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What is the hybrid cloud? And how does it benefit my business?

8 Oct 2014 by Insight Blog

Migrating to the cloud is a big decision.

Deciding between private and public cloud offerings can be just as tough – but with a hybrid cloud service you have a compromise between the two.

Hybrid cloud is making serious waves among senior IT professionals, with some 70% of organisations either using or evaluating using a hybrid cloud service, according to TechPro Research.

In this guide we’ll define the hybrid cloud and explain its main benefits.

What is the hybrid cloud?
The hybrid cloud combines public (external) and private (internal) cloud services to offer your organisation the best of on- and off-site services.

Public cloud services are available to all organisations via a subscription through third-party providers such as Microsoft and Google. Organisations pay for services as they need them – these include data storage and applications hosted in the cloud.

Private cloud services are internal, on-site solutions that are managed by your organisation’s IT department. They are generally favoured for sensitive data and large, demanding operations such as customer relationship management.

How does it work?
The public and private cloud services are separate entities. Each runs independently of each other.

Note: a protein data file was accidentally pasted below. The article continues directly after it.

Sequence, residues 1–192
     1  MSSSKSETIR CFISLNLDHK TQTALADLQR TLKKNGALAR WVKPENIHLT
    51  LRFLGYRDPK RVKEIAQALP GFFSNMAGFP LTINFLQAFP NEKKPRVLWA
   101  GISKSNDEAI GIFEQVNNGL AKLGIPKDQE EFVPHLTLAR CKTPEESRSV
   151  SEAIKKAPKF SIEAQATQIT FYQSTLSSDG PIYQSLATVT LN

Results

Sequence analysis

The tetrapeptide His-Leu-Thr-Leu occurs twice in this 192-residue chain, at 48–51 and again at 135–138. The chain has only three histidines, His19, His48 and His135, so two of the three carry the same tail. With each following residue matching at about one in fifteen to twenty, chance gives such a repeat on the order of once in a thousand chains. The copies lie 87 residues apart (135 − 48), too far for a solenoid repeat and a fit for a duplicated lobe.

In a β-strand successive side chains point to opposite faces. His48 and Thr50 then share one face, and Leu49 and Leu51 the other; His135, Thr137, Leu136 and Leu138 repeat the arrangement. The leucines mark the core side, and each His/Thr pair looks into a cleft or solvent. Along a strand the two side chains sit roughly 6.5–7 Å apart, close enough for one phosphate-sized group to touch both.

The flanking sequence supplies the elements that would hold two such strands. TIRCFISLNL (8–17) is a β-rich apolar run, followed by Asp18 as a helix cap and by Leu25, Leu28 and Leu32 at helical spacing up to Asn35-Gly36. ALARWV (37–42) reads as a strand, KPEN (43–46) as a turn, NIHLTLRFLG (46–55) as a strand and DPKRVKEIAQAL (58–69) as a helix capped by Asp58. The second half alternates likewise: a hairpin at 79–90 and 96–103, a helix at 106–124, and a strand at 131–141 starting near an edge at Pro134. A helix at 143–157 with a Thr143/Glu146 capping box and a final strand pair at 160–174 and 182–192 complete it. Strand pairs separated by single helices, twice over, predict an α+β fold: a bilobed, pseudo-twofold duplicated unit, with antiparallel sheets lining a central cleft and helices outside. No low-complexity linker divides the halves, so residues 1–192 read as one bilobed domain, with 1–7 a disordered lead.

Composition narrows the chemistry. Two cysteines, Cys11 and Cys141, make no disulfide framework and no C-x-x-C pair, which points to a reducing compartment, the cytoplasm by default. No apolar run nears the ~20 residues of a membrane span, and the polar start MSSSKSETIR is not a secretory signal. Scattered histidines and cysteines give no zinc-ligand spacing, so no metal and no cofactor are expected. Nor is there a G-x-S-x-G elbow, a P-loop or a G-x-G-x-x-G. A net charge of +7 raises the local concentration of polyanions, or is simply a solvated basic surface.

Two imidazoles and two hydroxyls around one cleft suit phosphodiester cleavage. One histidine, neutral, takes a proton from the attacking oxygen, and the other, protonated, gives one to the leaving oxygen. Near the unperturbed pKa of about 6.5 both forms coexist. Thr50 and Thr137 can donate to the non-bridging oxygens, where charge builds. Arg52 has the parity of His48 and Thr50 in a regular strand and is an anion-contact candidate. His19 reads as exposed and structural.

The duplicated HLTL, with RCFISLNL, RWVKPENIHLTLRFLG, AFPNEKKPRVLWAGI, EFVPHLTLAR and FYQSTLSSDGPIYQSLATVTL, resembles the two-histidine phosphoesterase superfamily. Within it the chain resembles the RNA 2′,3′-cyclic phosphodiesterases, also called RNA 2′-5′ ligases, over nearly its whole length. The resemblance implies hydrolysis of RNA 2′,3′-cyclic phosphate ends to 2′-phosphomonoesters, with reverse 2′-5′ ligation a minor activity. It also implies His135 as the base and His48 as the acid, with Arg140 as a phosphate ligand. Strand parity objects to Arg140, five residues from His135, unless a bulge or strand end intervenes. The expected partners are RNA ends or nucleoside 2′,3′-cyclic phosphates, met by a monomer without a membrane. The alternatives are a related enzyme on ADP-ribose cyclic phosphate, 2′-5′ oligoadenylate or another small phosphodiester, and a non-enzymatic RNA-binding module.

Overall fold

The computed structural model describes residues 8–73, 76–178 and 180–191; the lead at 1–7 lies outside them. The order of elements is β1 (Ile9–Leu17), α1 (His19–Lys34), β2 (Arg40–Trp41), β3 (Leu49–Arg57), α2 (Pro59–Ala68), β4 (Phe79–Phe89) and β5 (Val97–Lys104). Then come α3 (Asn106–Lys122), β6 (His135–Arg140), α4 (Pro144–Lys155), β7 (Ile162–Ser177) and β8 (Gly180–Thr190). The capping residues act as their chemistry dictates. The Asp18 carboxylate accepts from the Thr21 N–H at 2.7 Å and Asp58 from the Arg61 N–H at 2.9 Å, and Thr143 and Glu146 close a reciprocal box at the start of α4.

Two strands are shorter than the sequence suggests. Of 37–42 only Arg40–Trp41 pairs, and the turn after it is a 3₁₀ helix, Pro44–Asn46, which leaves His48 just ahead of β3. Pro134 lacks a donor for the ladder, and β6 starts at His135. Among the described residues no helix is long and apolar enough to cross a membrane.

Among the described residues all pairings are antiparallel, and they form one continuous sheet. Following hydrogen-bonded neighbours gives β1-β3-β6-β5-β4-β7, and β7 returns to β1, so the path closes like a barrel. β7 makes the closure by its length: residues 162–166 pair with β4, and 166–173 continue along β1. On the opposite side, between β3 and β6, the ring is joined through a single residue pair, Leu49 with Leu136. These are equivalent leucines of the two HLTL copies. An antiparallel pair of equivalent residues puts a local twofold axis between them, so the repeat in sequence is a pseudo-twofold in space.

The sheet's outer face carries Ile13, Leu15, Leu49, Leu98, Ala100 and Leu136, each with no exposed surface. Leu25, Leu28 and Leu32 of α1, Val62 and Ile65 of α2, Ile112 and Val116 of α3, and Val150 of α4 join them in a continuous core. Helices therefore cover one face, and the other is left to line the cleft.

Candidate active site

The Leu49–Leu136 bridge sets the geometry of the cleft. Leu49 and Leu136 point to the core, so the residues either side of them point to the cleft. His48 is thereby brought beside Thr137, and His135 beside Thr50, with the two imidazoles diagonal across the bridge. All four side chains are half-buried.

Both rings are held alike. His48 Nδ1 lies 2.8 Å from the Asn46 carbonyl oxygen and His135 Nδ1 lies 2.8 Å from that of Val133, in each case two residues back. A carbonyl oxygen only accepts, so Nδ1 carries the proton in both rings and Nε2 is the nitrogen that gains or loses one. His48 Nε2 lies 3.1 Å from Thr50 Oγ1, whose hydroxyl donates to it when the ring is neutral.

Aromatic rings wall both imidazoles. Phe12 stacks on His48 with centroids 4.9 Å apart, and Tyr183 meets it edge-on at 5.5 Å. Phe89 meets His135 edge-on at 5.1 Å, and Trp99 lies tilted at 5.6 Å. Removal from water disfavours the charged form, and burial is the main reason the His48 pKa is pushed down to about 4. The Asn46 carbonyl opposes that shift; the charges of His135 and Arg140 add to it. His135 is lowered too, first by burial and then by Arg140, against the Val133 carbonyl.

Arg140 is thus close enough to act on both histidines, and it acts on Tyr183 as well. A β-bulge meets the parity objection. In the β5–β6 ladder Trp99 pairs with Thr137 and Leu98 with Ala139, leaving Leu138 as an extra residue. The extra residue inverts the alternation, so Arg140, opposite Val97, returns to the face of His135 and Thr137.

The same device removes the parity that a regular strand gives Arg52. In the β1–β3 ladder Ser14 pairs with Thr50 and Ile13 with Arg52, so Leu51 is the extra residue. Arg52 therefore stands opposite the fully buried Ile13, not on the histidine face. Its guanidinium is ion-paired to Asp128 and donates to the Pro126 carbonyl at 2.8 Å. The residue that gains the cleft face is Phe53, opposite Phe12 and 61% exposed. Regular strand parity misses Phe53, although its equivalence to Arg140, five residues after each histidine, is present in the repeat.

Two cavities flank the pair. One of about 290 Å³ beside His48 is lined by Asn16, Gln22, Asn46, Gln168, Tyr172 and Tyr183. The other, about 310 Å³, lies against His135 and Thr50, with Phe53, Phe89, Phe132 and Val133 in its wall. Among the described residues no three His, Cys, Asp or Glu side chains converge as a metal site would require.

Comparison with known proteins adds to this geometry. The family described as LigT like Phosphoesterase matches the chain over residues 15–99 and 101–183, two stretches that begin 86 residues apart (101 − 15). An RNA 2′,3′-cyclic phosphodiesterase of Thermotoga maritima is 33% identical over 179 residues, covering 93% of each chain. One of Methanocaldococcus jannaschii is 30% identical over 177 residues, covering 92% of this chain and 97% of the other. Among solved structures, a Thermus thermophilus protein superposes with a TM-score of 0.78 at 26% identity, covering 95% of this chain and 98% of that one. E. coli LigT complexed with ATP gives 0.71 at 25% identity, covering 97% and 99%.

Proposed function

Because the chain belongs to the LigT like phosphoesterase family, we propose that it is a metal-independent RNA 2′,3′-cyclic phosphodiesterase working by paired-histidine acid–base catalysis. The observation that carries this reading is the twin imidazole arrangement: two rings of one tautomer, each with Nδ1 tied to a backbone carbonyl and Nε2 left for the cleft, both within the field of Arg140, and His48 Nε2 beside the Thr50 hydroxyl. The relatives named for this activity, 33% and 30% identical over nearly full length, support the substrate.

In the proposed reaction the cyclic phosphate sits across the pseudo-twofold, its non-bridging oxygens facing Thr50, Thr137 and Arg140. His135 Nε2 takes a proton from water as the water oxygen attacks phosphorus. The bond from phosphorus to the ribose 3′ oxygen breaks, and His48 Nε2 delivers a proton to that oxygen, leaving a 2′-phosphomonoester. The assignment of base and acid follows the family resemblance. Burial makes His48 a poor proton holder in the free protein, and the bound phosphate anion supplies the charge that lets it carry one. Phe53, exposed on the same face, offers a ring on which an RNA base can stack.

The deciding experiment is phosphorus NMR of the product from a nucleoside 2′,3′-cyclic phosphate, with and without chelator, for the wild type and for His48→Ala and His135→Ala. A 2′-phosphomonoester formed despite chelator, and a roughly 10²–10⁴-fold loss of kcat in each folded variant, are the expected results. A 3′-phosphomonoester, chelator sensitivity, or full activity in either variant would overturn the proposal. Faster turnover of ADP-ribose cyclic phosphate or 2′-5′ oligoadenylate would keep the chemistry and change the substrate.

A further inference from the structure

However they are combined by an encrypted bridge, which means they can communicate with each other. In some cases both systems can be monitored with the same toolset.

Three benefits of the hybrid cloud
1.) The best of both worlds
Most companies have concerns about migrating their entire IT operation to the public cloud. Hybrid cloud allows you to keep your most demanding services and sensitive data – your firm’s ‘crown jewels’ – on private systems while using the public cloud for running applications.

Handling customer relationship management and enterprise resource planning through the public cloud is often deemed too much of a risk for large organisations.

With a hybrid system, vast amounts of sensitive data can be kept internal on the private cloud.

2.) On-site systems
With a hybrid set-up you will have an on-site infrastructure that is accessible directly rather than having to route it across the public web. This means organisations are not solely reliant on the public internet and also lessens latency.

3.) Ability to scale services to business demands 
At different times in the year, businesses have busy periods and quiet periods.

With hybrid you have the agility to scale services up and down accordingly – boosting business agility.

Hybrid cloud offers private in-house cloud infrastructure to cope with regular demand. Then when demand increases during your peak months, ramp up your public cloud service when computing demand exceeds that of your private cloud infrastructure.